London-based Spread Expression performed “Yes, I Still Exist” for the annual hip hop dance festival
in San Francisco.
Photo by Nick Gurney
12th Annual Hip Hop Dance Fest 2010
Palace of Fine Arts Theatre, San Francisco
Program B, Nov. 19-21 2020
Since I’d missed the first 11 Hip Hop Dance Festivals, it was time for me to get with it and attend the 12th. The fabulous Micaya, producer/artistic director, presented 22 companies, mostly from San Francisco but others from Oakland, Vacaville, Calif., Colorado, New York and London. Micaya is considered the “grandmother” of this festival: she has taken good care of her performers.
Many of the companies in Program B offered good, lively, colorful events, displaying amazing energy, executing “moves” that leave the audience screaming for more. There were lots of bounce and flips, turning on the head, kicks, waves and wiggles. Friends and family in house called out for their favorites and asked for more. In this category, I would praise Academy of Villains from San Francisco and the New Style Motherlode from Oakland. The Oakland group danced on levels way above the stage floor.
A delightful throwback to old vaudeville were the GroovMekanex, five gentlemen in white jackets dancing to The Temptations. They brought us back to the days of good Las Vegas nightclubs.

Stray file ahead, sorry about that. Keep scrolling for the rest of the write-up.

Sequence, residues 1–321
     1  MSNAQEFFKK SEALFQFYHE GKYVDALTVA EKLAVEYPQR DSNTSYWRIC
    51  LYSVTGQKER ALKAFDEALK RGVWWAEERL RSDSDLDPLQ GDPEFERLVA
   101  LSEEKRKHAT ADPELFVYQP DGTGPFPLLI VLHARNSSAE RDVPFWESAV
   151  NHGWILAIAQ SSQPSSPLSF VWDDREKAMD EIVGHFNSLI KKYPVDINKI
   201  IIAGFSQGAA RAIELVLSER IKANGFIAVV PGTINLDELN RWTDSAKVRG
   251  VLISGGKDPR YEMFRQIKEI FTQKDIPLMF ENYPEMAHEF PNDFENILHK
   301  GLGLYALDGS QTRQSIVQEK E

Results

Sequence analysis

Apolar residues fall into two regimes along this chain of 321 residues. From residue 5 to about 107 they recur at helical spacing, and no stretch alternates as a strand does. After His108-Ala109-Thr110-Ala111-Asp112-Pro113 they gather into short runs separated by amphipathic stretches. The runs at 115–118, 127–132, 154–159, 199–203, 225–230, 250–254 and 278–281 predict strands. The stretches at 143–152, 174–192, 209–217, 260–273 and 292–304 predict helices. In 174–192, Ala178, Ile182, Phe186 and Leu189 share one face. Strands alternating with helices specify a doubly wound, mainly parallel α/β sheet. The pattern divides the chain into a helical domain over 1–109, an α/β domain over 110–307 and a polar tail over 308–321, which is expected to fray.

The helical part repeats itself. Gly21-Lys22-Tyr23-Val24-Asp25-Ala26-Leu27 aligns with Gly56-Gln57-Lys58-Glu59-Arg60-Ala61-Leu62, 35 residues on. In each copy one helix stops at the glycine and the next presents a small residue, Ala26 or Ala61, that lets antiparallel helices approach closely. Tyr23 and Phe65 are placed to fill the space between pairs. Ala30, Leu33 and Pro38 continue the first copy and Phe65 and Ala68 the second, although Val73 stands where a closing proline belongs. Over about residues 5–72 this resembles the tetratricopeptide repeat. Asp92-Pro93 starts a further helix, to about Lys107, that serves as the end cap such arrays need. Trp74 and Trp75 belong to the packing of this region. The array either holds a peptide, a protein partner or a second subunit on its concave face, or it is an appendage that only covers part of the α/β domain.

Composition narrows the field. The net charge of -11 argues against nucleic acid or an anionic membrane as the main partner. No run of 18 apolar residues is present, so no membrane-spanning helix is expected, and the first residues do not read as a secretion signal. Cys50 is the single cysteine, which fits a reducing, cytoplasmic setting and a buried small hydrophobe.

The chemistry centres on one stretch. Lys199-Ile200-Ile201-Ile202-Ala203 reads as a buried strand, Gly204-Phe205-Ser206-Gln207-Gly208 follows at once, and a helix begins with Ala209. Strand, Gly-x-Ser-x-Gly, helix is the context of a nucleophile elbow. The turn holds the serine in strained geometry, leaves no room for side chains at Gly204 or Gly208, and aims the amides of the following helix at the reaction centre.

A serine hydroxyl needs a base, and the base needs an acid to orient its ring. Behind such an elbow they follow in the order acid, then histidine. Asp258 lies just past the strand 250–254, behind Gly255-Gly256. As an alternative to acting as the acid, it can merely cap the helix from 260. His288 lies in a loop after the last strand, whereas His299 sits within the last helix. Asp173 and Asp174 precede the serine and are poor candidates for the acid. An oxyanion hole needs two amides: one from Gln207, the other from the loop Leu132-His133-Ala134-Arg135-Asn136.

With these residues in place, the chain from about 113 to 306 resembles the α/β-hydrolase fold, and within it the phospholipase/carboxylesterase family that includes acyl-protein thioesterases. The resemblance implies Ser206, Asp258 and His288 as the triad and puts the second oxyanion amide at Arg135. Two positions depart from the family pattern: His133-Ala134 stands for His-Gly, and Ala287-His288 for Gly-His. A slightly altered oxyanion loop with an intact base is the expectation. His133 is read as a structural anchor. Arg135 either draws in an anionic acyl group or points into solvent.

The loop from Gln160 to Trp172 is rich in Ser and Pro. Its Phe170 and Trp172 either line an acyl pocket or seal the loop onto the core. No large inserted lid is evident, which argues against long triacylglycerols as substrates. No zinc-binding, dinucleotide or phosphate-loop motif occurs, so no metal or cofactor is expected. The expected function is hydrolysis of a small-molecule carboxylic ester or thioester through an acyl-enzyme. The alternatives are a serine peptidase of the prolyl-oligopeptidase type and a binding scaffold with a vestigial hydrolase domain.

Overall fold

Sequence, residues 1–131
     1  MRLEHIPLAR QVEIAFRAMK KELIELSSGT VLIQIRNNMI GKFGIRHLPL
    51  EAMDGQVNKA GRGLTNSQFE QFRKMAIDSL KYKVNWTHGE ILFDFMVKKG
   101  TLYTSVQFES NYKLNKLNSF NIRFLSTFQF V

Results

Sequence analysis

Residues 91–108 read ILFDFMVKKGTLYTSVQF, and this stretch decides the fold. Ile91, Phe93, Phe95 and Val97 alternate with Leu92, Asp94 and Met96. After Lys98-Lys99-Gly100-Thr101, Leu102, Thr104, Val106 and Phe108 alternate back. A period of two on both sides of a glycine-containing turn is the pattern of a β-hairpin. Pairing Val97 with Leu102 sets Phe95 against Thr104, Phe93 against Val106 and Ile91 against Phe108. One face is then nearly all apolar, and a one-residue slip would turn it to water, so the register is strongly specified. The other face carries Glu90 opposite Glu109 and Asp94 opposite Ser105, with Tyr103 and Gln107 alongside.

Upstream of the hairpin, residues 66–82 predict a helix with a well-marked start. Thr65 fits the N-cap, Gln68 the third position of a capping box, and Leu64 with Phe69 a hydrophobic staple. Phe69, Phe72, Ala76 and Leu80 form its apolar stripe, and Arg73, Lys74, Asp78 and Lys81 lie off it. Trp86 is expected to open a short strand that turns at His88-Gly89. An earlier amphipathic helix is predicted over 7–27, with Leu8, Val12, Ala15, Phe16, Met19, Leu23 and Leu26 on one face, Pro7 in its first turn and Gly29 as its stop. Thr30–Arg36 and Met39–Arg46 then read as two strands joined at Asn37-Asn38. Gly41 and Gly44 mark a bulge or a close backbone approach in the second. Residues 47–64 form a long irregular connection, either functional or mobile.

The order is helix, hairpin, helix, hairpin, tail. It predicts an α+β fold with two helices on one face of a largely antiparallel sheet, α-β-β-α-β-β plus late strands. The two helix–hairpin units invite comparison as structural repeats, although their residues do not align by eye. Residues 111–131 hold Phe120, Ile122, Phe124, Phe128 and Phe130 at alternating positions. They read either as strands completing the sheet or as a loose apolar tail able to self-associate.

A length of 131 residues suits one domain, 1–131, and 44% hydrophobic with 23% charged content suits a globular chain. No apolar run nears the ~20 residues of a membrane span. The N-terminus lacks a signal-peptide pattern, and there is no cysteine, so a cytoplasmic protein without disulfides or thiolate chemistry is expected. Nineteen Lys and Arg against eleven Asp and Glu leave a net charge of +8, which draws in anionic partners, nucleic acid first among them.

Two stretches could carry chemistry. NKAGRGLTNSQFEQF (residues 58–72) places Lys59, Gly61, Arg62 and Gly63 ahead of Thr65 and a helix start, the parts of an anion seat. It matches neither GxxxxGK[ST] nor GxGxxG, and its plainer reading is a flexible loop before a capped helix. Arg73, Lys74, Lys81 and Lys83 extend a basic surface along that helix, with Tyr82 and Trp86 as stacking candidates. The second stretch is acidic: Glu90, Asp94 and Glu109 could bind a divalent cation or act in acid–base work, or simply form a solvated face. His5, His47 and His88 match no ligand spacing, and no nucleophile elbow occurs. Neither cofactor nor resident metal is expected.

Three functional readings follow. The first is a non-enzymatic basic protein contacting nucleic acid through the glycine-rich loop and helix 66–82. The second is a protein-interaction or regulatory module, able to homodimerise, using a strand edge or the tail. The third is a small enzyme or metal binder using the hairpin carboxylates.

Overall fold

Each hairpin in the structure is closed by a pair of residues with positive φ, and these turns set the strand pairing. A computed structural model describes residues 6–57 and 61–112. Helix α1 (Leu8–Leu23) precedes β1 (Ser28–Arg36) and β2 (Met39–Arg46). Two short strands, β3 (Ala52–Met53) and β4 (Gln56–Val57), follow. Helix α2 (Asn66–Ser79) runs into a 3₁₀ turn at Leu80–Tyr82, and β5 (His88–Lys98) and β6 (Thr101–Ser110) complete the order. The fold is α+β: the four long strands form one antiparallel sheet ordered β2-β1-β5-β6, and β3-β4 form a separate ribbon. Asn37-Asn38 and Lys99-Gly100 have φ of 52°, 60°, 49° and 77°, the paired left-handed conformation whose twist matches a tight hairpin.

Three or four groups were distinguished for this reviewer, primarily because they brought choreographed dance dimension and dramatic focus to their work. Outstanding was the London group Spread Expression, whose piece (“Yes, I Still Exist”) dealt with contemporary slavery to excerpts from speeches. This group brought to our attention and horror that 45 million people are enslaved, in the sex trade, in the military, in sweat shops. With only five company members, their presentation, which was both a protest and a lament, brought new depth to hip hop.
With similar concentration, the New York group, Decadancetheatre, performed “The Cage,” a work that concentrated on an offstage focus, allowing the five woman dancers to somersault back away from the offstage light and to more toward it with gestures of excitement and fear.
Kenichi Ebina is a star from Japan and New York. His narrative finale was entitled “Eclipse-Ninja” and presented a series of events, dramatizing the victory of the Ninja over an evil warlord. With the help of video projections and several changes of costume, Ebina was able to dance both male and female roles. He combines aspects of film and Kabuki drama.
The dozens and dozens of dancers gathered for a curtain call with Micaya. They all deserve the applause and appreciation that brought down the house. We look forward to the 13th Hip Hop Dance Fest in 2011.